Adjust to your spending target

Now you know exactly how much you spent last month and have a blueprint for your budget. Your next stop is looking for places to save. Savings can happen in any category. In the wants area of your budget, you may cut things completely. In the neds categories, you may find substitutes and cheaper options.

One area to focus in your budgeting and saving efforts is the “big win” categories. These include expensive recurring costs and large one-time expenses. Think of things like cable TV, cell phone bills, cars, and even your monthly car payment when looking at opportunities to save.

Keeping a car a long time is one of the best big wins in your budget. If you can keep a car longer instead of leasing or buying a new one with a $300 monthly payment every month for a decade, you will save $36,000 compared to people who think a $300 monthly car payment is normal.

Cable TV is another easy target. I cut my cable back in 2011 and have saved about $5,800 in the years since. That is enough for a lavish trip to Europe with plenty of dollars left over for retirement contributions. Or, if you have student loans or other debt, $5,800 closer to debt freedom.

Three popular budget methods to try

Your budget won’t keep working on its own forever. You’ll need to keep up with things to make sure your budget continues to help you meet your spending goals. Here are a few different budgeting methods that may work for you.

Old school budget – A traditional budget is based on how much you want to spend each month with detailed categories guiding your spending within your self-determined limits. If you want to use an app for this type of budget, consider Mint or Mvelopes.

Zero based budget – This budget gives every dollar a job. You budget for savings, debt payments, and every other dollar you spend. This is best for people who have failed with traditional budgets in the past or people with serious debt or trouble reaching financial goals. If you want an app for this type of budget, consider YNAB.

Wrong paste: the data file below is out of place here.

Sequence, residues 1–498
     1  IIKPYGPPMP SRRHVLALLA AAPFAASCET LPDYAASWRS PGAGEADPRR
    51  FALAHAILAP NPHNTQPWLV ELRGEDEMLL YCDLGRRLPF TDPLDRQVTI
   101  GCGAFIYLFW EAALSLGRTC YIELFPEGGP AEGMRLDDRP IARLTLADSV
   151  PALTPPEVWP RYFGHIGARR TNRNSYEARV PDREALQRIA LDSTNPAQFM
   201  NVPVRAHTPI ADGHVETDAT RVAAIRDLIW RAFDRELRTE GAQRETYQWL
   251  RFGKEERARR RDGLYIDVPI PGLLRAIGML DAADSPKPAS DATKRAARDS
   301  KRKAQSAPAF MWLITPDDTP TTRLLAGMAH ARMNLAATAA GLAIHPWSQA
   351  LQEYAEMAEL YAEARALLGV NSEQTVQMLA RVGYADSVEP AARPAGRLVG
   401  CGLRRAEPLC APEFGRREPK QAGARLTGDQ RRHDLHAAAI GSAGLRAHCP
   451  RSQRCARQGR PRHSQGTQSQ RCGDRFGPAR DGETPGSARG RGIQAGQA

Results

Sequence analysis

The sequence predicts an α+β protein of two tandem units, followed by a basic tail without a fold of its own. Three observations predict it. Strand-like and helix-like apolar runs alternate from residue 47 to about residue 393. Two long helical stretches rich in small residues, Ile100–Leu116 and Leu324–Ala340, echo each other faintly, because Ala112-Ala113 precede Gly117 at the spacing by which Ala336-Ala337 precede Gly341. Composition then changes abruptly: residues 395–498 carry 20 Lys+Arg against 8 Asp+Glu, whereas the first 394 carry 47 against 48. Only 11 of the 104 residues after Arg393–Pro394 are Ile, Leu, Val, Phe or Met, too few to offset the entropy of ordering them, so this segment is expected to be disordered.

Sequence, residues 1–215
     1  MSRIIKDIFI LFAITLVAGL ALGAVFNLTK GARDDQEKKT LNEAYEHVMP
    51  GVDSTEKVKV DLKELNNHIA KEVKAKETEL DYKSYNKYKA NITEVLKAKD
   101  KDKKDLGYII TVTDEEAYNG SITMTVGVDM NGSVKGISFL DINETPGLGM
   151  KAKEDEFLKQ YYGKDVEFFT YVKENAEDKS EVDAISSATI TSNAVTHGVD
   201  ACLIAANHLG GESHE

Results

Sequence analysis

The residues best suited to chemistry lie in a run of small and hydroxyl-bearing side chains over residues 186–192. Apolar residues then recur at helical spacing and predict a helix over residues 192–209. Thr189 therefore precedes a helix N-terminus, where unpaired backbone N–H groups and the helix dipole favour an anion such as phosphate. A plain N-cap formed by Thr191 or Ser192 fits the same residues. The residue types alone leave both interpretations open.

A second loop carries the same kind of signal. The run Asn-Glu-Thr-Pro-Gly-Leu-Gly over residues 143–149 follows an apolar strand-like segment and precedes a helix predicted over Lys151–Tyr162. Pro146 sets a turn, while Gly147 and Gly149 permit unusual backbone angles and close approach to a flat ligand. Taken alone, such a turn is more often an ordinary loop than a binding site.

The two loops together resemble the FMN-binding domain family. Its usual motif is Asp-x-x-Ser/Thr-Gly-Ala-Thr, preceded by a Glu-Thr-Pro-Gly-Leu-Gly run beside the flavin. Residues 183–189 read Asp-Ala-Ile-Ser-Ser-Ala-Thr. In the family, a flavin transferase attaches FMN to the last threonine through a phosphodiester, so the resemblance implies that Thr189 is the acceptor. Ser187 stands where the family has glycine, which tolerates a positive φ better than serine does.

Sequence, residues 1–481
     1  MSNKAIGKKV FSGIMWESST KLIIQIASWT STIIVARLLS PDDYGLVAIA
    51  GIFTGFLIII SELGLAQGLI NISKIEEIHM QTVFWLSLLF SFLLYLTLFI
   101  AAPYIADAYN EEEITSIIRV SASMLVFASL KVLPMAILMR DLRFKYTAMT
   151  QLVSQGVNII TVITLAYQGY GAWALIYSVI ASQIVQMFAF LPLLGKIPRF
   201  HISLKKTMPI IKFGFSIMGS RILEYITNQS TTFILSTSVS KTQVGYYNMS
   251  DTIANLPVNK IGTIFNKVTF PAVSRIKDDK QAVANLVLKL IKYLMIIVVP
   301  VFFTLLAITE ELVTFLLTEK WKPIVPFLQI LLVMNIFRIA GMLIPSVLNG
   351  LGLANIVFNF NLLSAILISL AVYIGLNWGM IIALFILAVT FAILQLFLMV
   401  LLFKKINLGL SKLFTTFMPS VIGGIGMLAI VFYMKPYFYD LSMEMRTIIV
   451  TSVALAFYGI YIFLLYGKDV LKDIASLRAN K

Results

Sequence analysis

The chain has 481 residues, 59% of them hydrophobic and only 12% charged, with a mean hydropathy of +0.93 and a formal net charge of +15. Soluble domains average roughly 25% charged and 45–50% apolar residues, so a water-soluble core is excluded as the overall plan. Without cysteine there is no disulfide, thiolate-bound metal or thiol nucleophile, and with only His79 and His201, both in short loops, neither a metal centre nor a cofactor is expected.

50/30/20 budget – This budgeting method is best for people who generally don’t have problems with their money. If you are out of debt or well on the way, have conservative spending habits, and don’t need strict spending limits, this is a big time saver when budgeting. The basic idea here is to allocate 50 percent of your income to basic living needs, 30 percent to discretionary expenses, and 20 percent to savings and investments.

Stop working for your money and make it work for you

People with credit card debt, student loans, and other high-interest debt work hours every week just paying interest. Avoiding debt and keeping your spending in check are important to your financial health. If you build a budget and stick to it, you should be on track to personal finance success.

About the author

Eric Rosenberg

Eric Rosenberg is a finance, travel, and technology writer originally from Denver, Colorado living in Ventura, California. When away from the keyboard, Eric he enjoys exploring the world, flying small airplanes, discovering new craft beers, and spending time with his wife and baby girl. You can connect with him at his own finance blog Personal Profitability.